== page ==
Even in the midst of a bear market, Bitcoin (BTC) detractors have persisted, with new study raising concerns about its energy use and environmental impact, as reported by Cointelegraph.
According to the latest article published on September 29 by experts at the University of New Mexico’s department of economics, Bitcoin works more like “digital crude” than “digital gold” in terms of climate impact.
The study attempts to evaluate and compare the energy-related climate harm caused by proof-of-work Bitcoin mining to other businesses. It claims that between 2016 and 2021, each $1 in BTC market value created caused $0.35 in worldwide “climate impacts,” adding, “Which as a share of market value is in the range between beef production and crude oil burned as gasoline and an order-of-magnitude higher than wind and solar power.”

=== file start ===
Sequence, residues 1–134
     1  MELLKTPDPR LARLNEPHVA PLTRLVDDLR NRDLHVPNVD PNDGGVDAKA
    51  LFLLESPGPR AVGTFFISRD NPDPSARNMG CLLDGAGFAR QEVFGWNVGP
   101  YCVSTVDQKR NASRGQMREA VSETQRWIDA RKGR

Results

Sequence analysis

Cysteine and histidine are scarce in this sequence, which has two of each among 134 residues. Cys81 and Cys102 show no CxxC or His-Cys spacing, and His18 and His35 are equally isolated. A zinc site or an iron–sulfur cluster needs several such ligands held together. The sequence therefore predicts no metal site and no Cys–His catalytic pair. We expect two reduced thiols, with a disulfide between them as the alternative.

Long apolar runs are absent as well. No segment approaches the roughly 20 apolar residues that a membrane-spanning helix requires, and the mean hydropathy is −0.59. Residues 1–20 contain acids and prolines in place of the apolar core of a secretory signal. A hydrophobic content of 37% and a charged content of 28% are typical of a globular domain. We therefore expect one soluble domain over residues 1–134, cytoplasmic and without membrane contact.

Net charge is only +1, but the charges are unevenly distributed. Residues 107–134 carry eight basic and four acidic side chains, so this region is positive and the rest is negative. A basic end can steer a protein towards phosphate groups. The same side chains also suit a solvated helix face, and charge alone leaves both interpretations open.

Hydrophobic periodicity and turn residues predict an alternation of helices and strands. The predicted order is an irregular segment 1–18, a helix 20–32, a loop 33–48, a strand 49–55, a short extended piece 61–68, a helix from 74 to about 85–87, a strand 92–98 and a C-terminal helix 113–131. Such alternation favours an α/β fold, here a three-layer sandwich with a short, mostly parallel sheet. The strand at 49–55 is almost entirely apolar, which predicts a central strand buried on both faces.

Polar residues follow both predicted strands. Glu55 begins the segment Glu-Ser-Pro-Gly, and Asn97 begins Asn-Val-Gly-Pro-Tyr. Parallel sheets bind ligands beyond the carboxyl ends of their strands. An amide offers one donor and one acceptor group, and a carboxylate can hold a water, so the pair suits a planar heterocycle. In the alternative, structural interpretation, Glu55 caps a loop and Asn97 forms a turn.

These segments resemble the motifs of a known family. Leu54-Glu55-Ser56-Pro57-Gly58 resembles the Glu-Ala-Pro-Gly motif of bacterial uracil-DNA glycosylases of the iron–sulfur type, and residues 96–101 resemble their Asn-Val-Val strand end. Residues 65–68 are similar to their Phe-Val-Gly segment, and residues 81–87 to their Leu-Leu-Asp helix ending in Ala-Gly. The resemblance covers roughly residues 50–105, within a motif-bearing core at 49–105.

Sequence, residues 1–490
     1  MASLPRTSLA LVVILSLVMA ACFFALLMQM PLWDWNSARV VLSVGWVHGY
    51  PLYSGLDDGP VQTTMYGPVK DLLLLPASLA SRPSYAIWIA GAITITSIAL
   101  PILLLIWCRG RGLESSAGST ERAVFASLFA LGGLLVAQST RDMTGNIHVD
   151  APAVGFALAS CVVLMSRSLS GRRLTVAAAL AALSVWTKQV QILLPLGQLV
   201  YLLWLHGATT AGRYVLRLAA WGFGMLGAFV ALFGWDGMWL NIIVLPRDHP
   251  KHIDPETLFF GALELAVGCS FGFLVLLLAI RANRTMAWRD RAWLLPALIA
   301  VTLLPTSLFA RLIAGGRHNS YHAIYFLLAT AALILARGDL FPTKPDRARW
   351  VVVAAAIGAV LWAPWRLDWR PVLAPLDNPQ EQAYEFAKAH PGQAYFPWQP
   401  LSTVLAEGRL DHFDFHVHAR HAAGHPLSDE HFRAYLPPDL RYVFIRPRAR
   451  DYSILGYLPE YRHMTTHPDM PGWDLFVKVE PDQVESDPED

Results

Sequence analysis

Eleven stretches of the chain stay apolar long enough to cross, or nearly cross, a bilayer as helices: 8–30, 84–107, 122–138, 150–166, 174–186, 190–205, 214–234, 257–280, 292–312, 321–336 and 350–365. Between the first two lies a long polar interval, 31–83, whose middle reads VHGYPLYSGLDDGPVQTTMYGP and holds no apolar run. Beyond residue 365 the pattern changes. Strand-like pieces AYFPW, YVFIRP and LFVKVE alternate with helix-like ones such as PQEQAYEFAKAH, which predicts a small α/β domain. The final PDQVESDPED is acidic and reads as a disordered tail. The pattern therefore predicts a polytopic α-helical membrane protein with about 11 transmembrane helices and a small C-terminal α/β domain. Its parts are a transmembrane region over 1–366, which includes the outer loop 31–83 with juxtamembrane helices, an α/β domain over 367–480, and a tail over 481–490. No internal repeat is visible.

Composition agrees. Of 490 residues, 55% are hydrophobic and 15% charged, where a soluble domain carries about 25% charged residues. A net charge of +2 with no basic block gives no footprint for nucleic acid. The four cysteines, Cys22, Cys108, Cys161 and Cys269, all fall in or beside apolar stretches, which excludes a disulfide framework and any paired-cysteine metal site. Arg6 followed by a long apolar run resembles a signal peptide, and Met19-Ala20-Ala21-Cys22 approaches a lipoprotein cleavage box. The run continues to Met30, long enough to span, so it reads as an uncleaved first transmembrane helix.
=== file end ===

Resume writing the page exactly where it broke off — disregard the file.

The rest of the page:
The researchers further stated that the findings need consideration, “If the industry does’nt shift its production path away from PoW, or move towards PoS, then this class of digitally scarce goods may need to be regulated, and delay will likely lead to increasing global climate damages.”
Cointelegraph further noted that Lachlan Feeney, founder, and CEO, of Australian-based blockchain development agency Labrys said to Cointelegraph that “post-merge pressure is on BTC (Bitcoin).”
Furthermore, transmission and distribution electricity losses in the United States alone amount to 206 TWh per year, enough to power the Bitcoin network 2.2 times. Cambridge also claims that the Bitcoin network’s power consumption has dropped by 28% since mid-June. This is most likely due to miner capitulation during the weak market and the adoption of more efficient mining hardware.
(With insights from Cointelegraph)